Human Rights Defender Sentenced in Secret in Beijing
On June 4, 2007, the trial of Hua Huiqi, a Christian and human rights defender, was conducted in secret in Beijing's Chaoyang District Court. Hua's defense attorney and family members were not informed of this trial. They have not yet obtained a decree against Hua from the court.
On January 26, 2007, while accompanying his mother who tried to hand-deliver materials of complaint letters to representatives of the “two conferences (i.e. the National People's Congress and the National Committee of the Chinese People's Political Consultative Conference)”, Hua was detained and assaulted, then later arrested for “interference with public functions.”
After launching several protests against Hua's unjust jailing, Shuang Shuying, Hua's 77-year-old mother, was arrested on February 9. She was later sentenced to two years in prison for the “offence of destruction of articles of public and private property.”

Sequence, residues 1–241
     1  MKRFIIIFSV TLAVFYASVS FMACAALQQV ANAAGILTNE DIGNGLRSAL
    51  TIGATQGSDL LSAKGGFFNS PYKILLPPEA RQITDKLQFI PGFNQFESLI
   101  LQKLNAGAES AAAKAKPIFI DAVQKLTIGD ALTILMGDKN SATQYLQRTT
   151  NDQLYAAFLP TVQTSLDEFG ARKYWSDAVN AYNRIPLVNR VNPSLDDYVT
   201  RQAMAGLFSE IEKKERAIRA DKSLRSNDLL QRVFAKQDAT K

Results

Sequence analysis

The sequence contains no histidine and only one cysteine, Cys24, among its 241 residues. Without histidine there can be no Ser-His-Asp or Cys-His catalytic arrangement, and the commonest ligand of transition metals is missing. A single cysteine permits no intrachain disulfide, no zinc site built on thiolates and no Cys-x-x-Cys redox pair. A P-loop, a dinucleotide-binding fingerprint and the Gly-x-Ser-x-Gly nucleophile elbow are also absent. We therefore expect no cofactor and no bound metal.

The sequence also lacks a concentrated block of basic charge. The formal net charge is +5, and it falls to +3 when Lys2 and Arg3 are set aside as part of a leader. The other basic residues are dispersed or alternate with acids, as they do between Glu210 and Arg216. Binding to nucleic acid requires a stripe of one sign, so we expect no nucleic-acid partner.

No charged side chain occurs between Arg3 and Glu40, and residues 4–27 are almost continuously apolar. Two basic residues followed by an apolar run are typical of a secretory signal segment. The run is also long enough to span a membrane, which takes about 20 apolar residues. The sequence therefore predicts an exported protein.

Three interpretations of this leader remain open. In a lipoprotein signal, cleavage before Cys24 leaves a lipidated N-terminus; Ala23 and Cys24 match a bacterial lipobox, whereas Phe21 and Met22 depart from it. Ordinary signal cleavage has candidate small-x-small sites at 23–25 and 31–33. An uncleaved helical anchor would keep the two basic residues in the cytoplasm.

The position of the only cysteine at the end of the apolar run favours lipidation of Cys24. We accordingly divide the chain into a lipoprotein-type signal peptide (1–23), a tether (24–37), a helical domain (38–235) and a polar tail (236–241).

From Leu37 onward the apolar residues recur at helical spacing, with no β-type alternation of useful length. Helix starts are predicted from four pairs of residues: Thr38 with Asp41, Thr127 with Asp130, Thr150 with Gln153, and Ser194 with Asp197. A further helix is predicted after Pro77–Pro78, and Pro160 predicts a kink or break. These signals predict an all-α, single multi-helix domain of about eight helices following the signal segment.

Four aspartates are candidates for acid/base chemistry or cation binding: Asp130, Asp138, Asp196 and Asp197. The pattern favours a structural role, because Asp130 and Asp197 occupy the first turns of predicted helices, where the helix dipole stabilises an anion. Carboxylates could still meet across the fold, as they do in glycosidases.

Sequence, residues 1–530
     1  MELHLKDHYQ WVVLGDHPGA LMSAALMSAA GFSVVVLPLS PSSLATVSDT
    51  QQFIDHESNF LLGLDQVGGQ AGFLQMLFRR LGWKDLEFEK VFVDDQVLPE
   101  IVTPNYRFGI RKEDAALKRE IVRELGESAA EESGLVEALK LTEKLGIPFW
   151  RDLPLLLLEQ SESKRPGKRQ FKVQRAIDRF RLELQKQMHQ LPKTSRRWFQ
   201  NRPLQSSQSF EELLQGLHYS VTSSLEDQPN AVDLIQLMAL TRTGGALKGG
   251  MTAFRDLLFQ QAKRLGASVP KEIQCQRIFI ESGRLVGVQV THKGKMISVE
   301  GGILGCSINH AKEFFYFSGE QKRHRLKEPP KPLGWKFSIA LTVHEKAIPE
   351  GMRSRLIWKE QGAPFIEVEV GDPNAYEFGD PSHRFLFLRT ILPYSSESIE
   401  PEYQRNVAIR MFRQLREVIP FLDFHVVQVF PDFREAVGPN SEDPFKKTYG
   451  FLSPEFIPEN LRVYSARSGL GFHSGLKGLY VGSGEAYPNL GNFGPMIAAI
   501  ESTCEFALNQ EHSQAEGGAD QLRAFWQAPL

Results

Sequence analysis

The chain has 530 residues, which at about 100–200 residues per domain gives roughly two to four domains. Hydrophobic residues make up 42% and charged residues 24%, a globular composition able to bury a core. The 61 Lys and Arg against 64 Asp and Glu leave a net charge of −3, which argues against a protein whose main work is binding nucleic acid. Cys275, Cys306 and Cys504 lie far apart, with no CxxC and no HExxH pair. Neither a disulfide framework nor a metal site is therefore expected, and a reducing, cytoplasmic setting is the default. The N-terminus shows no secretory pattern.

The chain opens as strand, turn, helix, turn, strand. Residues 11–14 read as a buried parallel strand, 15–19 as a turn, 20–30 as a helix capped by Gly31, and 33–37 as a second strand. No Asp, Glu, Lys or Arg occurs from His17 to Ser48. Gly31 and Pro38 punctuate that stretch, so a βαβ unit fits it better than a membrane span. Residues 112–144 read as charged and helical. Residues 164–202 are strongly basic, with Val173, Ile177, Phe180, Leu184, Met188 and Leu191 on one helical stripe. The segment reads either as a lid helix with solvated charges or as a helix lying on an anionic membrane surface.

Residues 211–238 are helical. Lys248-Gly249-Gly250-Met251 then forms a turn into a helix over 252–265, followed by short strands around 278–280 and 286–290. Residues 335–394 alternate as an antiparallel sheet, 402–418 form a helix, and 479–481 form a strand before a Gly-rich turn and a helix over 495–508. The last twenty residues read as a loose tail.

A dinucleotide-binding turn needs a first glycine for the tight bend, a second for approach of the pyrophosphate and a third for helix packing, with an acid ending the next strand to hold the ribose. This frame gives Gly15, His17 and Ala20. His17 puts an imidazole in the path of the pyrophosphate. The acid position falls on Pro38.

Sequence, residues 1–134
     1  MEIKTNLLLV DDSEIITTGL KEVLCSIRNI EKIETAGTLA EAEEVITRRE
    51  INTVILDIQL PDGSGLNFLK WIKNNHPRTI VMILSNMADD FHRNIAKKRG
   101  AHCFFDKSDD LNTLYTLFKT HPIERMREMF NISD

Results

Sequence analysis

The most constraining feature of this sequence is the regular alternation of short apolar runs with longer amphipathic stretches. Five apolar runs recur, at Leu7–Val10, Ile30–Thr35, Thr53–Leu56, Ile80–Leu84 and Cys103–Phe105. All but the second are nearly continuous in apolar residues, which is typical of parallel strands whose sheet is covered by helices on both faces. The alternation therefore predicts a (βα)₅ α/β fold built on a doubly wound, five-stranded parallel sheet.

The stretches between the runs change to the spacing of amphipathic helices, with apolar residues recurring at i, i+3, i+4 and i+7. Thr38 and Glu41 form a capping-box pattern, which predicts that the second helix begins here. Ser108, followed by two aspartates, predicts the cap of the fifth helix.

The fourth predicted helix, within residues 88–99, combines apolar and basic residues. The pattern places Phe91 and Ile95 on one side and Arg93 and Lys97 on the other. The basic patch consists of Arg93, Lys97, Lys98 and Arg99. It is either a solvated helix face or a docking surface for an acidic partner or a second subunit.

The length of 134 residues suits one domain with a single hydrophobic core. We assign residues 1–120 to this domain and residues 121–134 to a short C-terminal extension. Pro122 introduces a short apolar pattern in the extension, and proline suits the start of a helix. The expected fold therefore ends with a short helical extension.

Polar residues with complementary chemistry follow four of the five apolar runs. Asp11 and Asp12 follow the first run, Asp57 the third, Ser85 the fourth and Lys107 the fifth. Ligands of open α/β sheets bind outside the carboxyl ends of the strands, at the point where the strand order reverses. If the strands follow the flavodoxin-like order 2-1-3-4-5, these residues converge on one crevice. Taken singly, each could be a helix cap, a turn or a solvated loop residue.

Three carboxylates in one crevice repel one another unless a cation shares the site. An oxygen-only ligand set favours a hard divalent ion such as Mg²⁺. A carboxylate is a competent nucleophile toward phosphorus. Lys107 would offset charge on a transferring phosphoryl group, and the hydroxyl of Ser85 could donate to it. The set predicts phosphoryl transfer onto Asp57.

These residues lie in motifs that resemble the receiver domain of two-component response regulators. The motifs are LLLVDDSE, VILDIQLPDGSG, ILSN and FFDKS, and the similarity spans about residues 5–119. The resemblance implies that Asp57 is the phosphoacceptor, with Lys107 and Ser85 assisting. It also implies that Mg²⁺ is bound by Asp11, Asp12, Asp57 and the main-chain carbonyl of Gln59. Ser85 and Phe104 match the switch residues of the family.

This case has drawn much attention from both within and outside China, yet no information on the trial was released by Chinese authorities.
According to Wei Jumei, Hua's wife, Hua's defense attorney made inquiries to the local prosecutor and was told that the case had been transferred to the Chaoyang District Court. The defense attorney then made repeated inquiries with the court house, but was told each time that the case was “not yet filed.” On June 4, 2007, after being told once again the same thing, the lawyer accidently discovered, via a touch-screen kiosk, that the trial was being held at 1:20 p.m. that day.
After being informed of this news, Hua's family members, along with the defense attorney, waited outside the court house from 11:00 a.m. to 3:00 p.m. At that point, a security guard came and told them that the court had announced its verdict against Hua. They were later ejected from the court house.
By denying the accused the right to an attorney, the local prosecutor has violated the legal procedures in the execution of administrative rules. Wei Jumei said, “Yes, that's how we have been treated all along. The lawyer can't do much to help either.”